"It's this weird kind of thing happens where the music kind of constructs itself," he says. "My music making process is always happening, always going on in my head. It's almost like anti-virus software in my computer. It's always plugging away in the background."
McClure's career may be the definition of plugging away, enough so that he has the unique distinction of being "discovered" twice. Before starting American Wrestler, he was one-half of Working For a Nuclear Free City, a shoegaze-inspired band out of Manchester, England. By 2013, McClure and bandmate Phil Kay decided to wind the project down. As McClure weighed next move, he started playing around and posting demos online. The tracks caught the attention of Bridgette Imperial, an American who was studying overseas, and sparked more than just a meeting of musical minds. They began dating, and a year later, McClure had moved to St. Louis to marry her.
The midwest move has been a key influence for the restless musician, a more open music scene than he was accustomed to in Manchester. While working a warehouse job for UPS in Missouri, McClure began experimenting and recording what would become the first American Wrestlers album, and the momentum and reception built since then has allowed him to stretch out and refine a new album of songs with a full band, which includes Imperial, who plays keyboard, as well as Ian Reitz on bass and Josh Van Hoorebeke on drums. McClure's new set of bouncing, well-crafted songs shows that musical youth is not always wasted on the young.
"I'm always surprised by how each record brings me closer to writing simpler, heavier, catchier songs like those bands who gave me my musical epiphany: Nirvana, the Smashing Pumpkins, Hole and that first Foo Fighters record," he says. "I first learned how to write by copying them and got lost for a decade in intricacy and experimentation. Now, it feels like I'm heading back."1. Vote Thatcher
2. Give Up
3. So Long
4. Hello, Dear
5. Amazing Grace
6. Terrible Youth
7. Blind Kids
8. Someone Far Away
9. Real People$17.99Vinyl LP - Sealed Buy Now
Youth And Young ManhoodNow Available on Remastered 180 Gram Gatefold Double LP
Youth & Young Manhood is the debut album from American rock band Kings of Leon, released in August 2003. The title was taken from a drawing of the family tree of Moses, found on the inside of one of their Pentecostal preaching father's Bibles. Each branch contained a line that the band was quoted as saying could easily have passed for an album title. Youth and Young Manhood, however, seemed fitting and was quickly agreed upon by all members.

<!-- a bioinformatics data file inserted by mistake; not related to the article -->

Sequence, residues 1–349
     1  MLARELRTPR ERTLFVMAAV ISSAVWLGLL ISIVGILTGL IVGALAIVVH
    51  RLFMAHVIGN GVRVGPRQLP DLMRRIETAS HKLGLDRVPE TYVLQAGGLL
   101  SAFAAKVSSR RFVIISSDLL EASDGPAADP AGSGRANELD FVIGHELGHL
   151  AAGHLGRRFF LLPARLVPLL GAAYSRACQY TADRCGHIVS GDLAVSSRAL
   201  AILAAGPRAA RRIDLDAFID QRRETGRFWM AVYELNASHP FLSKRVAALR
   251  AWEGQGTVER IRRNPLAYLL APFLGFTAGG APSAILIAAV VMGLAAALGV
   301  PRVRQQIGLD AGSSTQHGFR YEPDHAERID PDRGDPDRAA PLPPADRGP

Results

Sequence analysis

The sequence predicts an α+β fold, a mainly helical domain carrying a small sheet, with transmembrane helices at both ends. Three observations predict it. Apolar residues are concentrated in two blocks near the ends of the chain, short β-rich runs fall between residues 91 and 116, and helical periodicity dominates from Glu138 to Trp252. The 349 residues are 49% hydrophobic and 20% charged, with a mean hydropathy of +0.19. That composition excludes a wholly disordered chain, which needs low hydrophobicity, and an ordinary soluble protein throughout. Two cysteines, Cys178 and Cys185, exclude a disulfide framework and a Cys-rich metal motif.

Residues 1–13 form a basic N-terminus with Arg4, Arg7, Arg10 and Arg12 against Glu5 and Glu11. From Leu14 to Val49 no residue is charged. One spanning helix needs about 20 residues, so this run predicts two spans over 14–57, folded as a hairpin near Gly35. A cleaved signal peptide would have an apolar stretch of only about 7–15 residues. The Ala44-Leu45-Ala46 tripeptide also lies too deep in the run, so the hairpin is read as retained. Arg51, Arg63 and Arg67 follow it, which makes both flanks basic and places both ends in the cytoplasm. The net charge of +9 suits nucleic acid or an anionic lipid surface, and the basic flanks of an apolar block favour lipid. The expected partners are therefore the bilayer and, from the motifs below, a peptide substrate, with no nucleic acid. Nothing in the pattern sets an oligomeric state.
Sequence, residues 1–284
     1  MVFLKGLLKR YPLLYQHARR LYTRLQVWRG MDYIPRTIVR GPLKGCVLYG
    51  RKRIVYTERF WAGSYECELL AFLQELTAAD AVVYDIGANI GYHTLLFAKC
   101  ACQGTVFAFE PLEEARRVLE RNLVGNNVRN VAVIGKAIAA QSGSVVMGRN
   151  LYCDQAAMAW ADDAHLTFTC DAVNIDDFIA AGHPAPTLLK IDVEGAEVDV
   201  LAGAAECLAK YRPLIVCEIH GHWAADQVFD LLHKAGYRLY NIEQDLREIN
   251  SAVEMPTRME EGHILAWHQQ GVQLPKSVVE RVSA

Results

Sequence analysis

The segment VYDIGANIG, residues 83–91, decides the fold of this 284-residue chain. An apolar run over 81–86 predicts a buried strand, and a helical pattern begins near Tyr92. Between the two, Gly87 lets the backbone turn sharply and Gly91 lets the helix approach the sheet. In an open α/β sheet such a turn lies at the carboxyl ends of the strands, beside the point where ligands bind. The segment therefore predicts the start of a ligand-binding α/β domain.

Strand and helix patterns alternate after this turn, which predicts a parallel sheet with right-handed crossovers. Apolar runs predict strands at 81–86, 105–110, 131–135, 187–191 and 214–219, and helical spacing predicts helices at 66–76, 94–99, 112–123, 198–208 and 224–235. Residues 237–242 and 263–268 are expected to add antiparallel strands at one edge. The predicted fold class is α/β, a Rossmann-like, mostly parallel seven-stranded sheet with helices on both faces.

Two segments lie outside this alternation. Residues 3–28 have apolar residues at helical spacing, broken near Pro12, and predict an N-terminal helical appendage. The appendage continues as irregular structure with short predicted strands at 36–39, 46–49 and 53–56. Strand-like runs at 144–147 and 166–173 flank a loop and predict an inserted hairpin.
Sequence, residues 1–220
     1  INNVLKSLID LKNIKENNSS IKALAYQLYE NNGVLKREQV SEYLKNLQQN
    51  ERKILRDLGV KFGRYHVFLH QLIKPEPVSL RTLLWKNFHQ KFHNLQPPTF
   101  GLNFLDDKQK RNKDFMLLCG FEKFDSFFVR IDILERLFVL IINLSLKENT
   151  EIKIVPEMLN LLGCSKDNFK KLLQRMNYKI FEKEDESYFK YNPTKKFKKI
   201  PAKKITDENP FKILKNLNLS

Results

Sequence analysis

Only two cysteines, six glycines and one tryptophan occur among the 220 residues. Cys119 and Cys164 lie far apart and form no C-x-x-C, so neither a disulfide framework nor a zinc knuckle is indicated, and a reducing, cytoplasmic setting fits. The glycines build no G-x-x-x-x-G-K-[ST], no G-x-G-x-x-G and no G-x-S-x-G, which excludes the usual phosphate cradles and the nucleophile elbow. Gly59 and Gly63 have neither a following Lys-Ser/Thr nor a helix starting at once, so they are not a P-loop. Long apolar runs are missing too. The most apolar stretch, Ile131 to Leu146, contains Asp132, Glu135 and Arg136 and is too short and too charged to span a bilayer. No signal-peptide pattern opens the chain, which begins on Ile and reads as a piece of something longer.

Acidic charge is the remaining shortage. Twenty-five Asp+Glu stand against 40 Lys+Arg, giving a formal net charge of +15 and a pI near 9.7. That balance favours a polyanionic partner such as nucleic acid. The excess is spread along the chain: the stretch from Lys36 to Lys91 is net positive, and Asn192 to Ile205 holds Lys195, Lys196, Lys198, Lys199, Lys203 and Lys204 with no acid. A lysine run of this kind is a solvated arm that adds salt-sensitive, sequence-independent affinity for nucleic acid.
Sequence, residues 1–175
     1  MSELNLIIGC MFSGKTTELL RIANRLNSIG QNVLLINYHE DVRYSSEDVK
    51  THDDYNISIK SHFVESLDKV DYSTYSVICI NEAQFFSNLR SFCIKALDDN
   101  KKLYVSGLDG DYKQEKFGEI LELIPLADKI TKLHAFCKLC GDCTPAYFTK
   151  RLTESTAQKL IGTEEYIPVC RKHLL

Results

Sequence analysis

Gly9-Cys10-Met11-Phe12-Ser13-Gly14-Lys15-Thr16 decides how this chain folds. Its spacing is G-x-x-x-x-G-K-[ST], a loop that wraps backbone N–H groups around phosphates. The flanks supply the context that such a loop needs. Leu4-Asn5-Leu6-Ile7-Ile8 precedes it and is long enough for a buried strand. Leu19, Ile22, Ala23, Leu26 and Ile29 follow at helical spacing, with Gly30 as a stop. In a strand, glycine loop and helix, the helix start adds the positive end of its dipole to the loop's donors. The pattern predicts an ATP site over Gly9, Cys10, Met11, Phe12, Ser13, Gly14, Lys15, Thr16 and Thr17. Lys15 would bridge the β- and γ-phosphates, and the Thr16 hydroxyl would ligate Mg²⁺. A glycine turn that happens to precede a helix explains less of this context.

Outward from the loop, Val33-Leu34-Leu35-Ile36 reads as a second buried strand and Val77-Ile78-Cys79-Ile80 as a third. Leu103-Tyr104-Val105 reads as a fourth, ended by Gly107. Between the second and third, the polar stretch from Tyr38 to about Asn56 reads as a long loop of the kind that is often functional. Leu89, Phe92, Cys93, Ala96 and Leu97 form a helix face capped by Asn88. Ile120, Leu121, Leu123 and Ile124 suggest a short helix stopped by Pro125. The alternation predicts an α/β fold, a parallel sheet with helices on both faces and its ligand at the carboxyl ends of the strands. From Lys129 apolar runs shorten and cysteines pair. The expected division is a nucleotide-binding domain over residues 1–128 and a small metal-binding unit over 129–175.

The album was recorded between Sound City Studios, California (where Nirvana's Nevermind and Fleetwood Mac's Rumours were made) and Shangri-La Studio in Malibu. Molly's Chambers, Wasted Time and California Waiting were all released as singles. Spiral Staircase featured on the PS3 game Motorstorm. Red Morning Light was also featured on a Ford Focus commercial, and as the opening song in FIFA 2004 by EA Sports. Holy Roller Novocaine was featured in the movie Talladega Nights: The Ballad of Ricky Bobby as well as on the soundtrack.
The album peaked at number 3 in the United Kingdom, but fared worse in the band's homeland, peaking outside the top hundred. The band's popularity exploded in Australia during the weeks of the 22nd and 29 September 2008, when all four of the band's studio albums reached the top 50.Youth and Young Manhood making its first top 50 chart appearance since its release in 2003, peaking at number 46. The album sold more than 940,000 copies worldwide, and was ranked at #80 in Rolling Stone's Top 100 Albums of the Decade.LP 1
1. Red Morning Light
2. Happy Alone
3. Wasted Time
4. Joe's Head
6. California Waiting
2. Molly's Chambers
5. Holy Roller Novocaine
6. Talihina Sky$34.99180 Gram Audiophile Virgin Vinyl LP - 2 LPs Sealed Buy Now
ContrabandContraband is the critically acclaimed debut studio album by American Hard Rock band Velvet Revolver.
The super group consists of former Guns N' Roses members Slash, Duff McKagan, and Matt Sorum, alongside Dave Kushner formerly of punk band Wasted Youth and Stone Temple Pilots vocalist Scott Weiland.
Originally released in 2004 and long out of print, the beautiful re-issue by Music On Vinyl in 2014 celebrates the album's 10 year anniversary.LP1